The highlight of the night was unexpected to me – fan-favourite ‘Cherry Wine’. This song tenderly depicts the experience of an abusive relationship where the victim still feels a great deal of love for their partner, a relationship in which “the blood is rare and as sweet as cherry wine”. It is a haunting and heartbreaking number that is deeply meaningful for many, especially as proceeds from the single go towards a range of domestic violence charities. Personally, I had always liked the song but never felt it in the hollow of my chest, but as Hozier stepped away from the microphone and left just the humble guitar to accompany the crowd, I was choked. The strangers around me sang softly, musically, closer to a whisper than a shout. They sang like they were singing to an old friend, or perhaps an old version of themselves – with compassion, with relief. I have plenty of fond memories of scream-singing along to my favourite songs at concerts with my friends, but this was the moment I realised that this show would be different.

Popular forms of live entertainment like musicals, comedy shows and gigs are often valued for the escapism that they offer to their audience, but Hozier’s show illuminated the merits of exactly the opposite – confronting darkness and demons, together, head on. The classical themes that run through his poetic discography – for instance, the album the tour is named after, is inspired by Dante’s Inferno – strengthen the overwhelming feeling of catharsis, of ancient wounds hurting and healing.

Hozier consistently reaffirmed his status as ‘not-just-a-performer’ throughout the concert. At times he was our preacher, our theologian, delivering secular sermons on the power of love; at other times our trusted teacher translating the Gaelic words and slippery metaphors that enhance his songs. Following the first set of bows, Hozier opened the three song-long encore with heartfelt political activism – utilising his platform, he reflected on the importance of music, creativity and bravery in fighting injustice. Punctuated by the resounding cheers of the crowd, Hozier paid homage to American singer and civil rights activist Mavis Staples, who he collaborated with on the song ‘Nina Cries Power’ from Wasteland, Baby! Before launching into this fierce and uplifting number, Hozier spoke out in favour of abortion rights and a ceasefire in Gaza, calling on the audience to stand up and fight for these causes too. “It’s not the wakin’, it’s the risin’” he then crooned, the heavy drum beat and gospel and blues-inspired background vocals lifting the crowd’s impassioned energy to fever pitch. In an era in which the pressure placed on celebrities to speak out about politics and injustice only ever seems to inspire either cold silence or out-of-touch advice, it was refreshing to hear a public figure not merely speaking, but speaking from the heart.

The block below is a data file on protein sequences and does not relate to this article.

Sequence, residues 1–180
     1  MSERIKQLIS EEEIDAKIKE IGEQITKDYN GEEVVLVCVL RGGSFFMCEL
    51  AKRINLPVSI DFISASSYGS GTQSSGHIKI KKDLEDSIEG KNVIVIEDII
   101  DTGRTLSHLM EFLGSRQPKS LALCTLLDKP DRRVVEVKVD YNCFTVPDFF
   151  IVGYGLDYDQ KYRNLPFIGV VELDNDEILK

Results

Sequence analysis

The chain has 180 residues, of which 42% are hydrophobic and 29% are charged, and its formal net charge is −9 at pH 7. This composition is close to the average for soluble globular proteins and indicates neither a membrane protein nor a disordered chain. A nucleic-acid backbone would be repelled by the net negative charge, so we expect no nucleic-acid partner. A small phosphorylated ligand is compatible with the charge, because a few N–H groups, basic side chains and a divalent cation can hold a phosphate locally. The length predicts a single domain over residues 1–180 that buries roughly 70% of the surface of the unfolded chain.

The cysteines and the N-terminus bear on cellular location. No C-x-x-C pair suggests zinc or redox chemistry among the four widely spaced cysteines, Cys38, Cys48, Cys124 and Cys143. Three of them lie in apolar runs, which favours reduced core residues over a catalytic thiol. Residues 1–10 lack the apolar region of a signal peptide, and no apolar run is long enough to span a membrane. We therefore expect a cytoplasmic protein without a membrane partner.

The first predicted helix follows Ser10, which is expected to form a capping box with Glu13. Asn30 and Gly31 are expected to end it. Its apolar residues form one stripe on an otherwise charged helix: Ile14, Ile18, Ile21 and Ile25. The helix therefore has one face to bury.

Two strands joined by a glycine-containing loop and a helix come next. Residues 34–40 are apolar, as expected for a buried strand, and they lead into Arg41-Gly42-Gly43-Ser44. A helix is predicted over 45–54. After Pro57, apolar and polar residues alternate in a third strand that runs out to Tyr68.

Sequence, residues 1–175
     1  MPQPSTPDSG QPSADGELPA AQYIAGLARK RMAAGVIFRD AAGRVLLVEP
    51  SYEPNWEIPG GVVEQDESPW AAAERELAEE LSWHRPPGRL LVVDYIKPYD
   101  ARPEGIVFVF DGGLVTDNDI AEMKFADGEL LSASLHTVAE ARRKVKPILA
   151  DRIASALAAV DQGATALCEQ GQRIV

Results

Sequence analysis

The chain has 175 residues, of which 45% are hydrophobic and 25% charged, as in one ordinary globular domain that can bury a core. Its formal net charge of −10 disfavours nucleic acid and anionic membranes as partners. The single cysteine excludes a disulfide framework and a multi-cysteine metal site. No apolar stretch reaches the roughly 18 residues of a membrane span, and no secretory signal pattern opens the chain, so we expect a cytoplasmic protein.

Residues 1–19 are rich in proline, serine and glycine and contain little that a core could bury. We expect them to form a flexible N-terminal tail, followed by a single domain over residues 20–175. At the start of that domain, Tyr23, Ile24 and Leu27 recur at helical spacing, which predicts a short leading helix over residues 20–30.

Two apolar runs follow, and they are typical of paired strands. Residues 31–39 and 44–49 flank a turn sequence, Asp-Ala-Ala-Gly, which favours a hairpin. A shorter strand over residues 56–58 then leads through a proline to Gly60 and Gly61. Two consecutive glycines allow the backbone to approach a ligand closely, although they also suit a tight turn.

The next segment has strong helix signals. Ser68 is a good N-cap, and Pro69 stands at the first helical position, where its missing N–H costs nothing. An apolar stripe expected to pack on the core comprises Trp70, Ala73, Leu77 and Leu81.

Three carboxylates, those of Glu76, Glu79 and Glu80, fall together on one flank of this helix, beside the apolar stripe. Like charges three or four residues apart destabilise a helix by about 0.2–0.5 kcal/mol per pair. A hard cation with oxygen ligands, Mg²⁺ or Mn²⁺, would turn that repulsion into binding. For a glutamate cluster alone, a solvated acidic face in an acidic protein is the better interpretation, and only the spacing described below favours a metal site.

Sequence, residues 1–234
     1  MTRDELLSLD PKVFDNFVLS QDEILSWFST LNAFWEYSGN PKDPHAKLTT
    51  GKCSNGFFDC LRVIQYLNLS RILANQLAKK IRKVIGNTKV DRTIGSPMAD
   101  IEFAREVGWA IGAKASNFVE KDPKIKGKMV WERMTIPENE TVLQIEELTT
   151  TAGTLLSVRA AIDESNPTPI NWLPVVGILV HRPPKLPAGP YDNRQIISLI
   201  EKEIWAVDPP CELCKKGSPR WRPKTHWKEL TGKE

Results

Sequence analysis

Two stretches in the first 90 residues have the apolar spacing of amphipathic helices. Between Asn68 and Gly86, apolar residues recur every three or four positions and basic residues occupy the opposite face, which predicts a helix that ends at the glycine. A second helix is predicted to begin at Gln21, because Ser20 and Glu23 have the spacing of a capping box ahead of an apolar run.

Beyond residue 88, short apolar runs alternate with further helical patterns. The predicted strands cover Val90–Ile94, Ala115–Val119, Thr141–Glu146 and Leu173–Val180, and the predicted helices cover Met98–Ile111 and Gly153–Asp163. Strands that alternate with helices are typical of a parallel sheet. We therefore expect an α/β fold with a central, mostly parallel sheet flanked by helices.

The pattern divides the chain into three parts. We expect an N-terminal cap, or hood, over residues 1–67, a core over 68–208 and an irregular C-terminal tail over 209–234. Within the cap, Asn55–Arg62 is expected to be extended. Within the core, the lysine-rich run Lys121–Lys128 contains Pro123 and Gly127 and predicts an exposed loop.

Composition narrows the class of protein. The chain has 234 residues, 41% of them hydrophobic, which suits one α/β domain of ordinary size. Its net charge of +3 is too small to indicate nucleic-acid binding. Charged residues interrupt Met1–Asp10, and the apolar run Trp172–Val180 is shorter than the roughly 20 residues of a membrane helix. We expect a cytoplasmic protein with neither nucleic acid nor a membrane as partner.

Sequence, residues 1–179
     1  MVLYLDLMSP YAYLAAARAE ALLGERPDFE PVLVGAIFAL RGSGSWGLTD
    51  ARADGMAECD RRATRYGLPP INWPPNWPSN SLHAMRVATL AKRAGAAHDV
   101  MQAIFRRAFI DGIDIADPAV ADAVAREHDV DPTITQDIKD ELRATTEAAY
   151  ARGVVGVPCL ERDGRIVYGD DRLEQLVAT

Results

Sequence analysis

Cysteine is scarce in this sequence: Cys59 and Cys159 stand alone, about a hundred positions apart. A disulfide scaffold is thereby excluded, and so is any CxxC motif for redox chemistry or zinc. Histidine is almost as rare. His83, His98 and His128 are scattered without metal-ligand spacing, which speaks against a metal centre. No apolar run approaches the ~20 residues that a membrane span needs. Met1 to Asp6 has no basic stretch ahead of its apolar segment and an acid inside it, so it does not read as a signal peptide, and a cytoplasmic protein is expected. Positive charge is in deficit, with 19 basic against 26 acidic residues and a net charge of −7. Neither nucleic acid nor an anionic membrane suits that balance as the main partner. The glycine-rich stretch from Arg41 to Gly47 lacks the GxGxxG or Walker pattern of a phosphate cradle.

Closing out the concert was my personal favourite Hozier track, ‘Work Song’. A popular number from the singer’s eponymous debut album, “No grave can hold my body down, / I’ll crawl home to her” distilled the tender romance of the evening into a picturesque conclusion. Hozier has created such a home within his music for anyone who needs it. And from the rapturous final applause, I’d guess the audience thanks him for lending us a little shelter.

Editor’s Note: This performance took place on 15 December 2023 at the Wembley OVO Arena. The ‘Unreal Unearth Tour’ is ongoing until November 2024; more information can be found here.